A woman infected with a potentially fatal strain of listeria by a hospital sandwich says she is lucky to be alive.
Tanya Marston, 38, was being treated for Crohn's disease when she ate a contaminated sandwich at the William Harvey Hospital in Ashford, Kent.
Three patients have died in the outbreak, linked to The Good Food Chain salads and pre-packed sandwiches.
The hospital trust apologised to Ms Marston for the "additional stress and discomfort" she suffered.
Ms Marston said she was due to be discharged from a four-week hospital stay last month when her temperature "spiked".
Medics took blood samples and she was later called back into hospital and given intravenous anti-biotics after tests showed she was infected.
'I could have died'
She said she "counts herself very lucky" her elevated temperature led to the infection being diagnosed.
"I'm really grateful that they took the blood cultures," she said.
"If that hadn't been done, I could be one of these people that has died."
She added: "There is a duty of care there and I'm wondering what opportunities may have been missed to get to the point where people are poisoned by the food that hospitals are giving them."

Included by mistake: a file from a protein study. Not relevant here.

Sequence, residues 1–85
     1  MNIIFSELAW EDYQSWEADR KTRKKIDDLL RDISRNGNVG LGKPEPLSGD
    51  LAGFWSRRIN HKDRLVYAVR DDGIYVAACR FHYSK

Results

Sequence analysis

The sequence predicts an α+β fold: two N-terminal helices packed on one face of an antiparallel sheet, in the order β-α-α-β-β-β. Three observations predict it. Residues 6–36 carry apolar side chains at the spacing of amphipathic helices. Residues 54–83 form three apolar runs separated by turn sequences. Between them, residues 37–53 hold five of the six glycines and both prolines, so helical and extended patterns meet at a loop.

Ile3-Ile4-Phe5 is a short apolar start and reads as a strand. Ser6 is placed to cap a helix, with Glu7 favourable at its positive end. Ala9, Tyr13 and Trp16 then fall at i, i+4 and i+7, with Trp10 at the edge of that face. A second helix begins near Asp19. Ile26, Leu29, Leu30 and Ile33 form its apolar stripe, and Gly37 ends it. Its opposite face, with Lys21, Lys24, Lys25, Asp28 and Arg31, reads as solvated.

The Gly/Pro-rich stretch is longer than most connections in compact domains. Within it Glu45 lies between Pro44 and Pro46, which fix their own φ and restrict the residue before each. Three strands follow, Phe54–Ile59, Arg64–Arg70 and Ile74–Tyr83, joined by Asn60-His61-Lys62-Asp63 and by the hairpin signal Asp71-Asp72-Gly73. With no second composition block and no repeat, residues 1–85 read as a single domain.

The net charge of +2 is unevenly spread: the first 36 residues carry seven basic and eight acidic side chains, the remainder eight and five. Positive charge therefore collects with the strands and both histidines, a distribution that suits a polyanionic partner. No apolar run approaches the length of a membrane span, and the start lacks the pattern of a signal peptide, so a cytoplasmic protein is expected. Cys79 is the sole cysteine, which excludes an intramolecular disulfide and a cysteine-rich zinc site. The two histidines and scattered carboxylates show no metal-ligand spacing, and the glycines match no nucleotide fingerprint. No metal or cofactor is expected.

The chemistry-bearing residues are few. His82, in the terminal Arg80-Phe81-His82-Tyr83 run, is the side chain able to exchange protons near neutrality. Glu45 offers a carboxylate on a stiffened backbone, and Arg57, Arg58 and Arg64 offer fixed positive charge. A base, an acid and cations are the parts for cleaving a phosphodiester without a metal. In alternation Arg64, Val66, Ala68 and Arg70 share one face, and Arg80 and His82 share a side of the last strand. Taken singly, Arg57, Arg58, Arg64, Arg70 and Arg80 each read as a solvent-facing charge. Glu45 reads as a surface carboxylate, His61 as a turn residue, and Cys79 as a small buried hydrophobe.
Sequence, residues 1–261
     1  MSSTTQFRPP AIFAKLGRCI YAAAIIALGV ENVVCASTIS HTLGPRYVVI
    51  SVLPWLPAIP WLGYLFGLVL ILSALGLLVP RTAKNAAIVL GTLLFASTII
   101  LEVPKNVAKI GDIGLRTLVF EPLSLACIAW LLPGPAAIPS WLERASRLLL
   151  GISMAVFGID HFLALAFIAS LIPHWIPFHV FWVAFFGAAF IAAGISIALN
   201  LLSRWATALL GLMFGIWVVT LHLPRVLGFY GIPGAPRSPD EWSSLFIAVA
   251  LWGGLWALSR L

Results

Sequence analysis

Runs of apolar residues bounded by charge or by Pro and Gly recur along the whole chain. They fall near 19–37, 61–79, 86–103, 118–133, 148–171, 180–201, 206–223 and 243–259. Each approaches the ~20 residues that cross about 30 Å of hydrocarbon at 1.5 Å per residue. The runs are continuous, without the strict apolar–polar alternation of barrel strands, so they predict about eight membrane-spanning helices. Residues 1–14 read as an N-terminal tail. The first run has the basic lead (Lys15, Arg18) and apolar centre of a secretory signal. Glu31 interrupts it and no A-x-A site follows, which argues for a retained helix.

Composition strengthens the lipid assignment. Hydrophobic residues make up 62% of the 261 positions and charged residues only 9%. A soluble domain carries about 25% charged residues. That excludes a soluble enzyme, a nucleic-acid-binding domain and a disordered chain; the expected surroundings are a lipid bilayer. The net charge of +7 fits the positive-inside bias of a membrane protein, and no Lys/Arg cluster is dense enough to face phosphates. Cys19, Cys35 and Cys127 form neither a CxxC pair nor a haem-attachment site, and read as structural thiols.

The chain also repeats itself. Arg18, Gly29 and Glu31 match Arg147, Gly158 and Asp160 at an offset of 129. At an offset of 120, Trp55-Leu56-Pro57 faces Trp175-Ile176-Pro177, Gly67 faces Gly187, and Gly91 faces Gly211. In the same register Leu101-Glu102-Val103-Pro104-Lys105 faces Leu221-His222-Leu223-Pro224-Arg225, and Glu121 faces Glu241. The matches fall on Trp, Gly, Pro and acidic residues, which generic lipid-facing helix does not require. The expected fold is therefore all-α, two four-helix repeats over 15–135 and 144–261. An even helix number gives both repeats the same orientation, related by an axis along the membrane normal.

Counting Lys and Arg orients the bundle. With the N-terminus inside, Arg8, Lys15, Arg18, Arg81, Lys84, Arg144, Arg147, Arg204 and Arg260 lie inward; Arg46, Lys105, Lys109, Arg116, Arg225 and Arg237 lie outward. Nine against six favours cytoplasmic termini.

A letter from Dr Paul Stevens, medical director at East Kent Hospitals University trust, to Ms Marston said it was "most likely that you acquired the bug from sandwiches given to you by the hospital".
Public Health England (PHE) said six patients had been affected by the outbreak. Two patients at the Manchester Royal Infirmary and one at Aintree Hospital have died.
PHE said infections in healthy people usually go unnoticed or cause mild illness, but can have more serious impacts in people with pre-existing health problems or pregnant women.
North Country Cooked Meats, which supplied the Good Food Chain, subsequently produced a positive test result for the outbreak strain of listeria, PHE said.
This business and North Country Quality Foods, which it distributes through, have voluntarily ceased production.
The Good Food Chain Ltd said the company's production facility in Stone, Staffordshire, was "cross contaminated by an ingredient from one of its approved meat suppliers".
A spokesman for North Country Cooked Meats said it was "currently co-operating fully with the environmental health and the Food Standards Agency in their investigations".